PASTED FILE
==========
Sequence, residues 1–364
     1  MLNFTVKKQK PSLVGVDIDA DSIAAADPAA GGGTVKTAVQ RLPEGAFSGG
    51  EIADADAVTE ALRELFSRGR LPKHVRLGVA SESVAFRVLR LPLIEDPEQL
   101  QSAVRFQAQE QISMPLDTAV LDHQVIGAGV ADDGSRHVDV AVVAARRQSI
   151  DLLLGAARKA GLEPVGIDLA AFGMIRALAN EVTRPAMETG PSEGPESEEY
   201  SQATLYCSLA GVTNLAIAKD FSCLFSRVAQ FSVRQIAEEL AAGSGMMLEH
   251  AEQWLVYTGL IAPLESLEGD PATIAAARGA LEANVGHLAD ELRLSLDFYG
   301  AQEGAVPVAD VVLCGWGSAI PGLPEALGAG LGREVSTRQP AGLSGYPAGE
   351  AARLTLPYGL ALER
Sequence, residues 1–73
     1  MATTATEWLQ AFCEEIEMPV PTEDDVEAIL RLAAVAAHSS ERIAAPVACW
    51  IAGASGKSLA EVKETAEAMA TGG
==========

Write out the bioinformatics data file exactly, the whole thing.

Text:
Sequence, residues 1–364
     1  MLNFTVKKQK PSLVGVDIDA DSIAAADPAA GGGTVKTAVQ RLPEGAFSGG
    51  EIADADAVTE ALRELFSRGR LPKHVRLGVA SESVAFRVLR LPLIEDPEQL
   101  QSAVRFQAQE QISMPLDTAV LDHQVIGAGV ADDGSRHVDV AVVAARRQSI
   151  DLLLGAARKA GLEPVGIDLA AFGMIRALAN EVTRPAMETG PSEGPESEEY
   201  SQATLYCSLA GVTNLAIAKD FSCLFSRVAQ FSVRQIAEEL AAGSGMMLEH
   251  AEQWLVYTGL IAPLESLEGD PATIAAARGA LEANVGHLAD ELRLSLDFYG
   301  AQEGAVPVAD VVLCGWGSAI PGLPEALGAG LGREVSTRQP AGLSGYPAGE
   351  AARLTLPYGL ALER
Sequence, residues 1–73
     1  MATTATEWLQ AFCEEIEMPV PTEDDVEAIL RLAAVAAHSS ERIAAPVACW
    51  IAGASGKSLA EVKETAEAMA TGG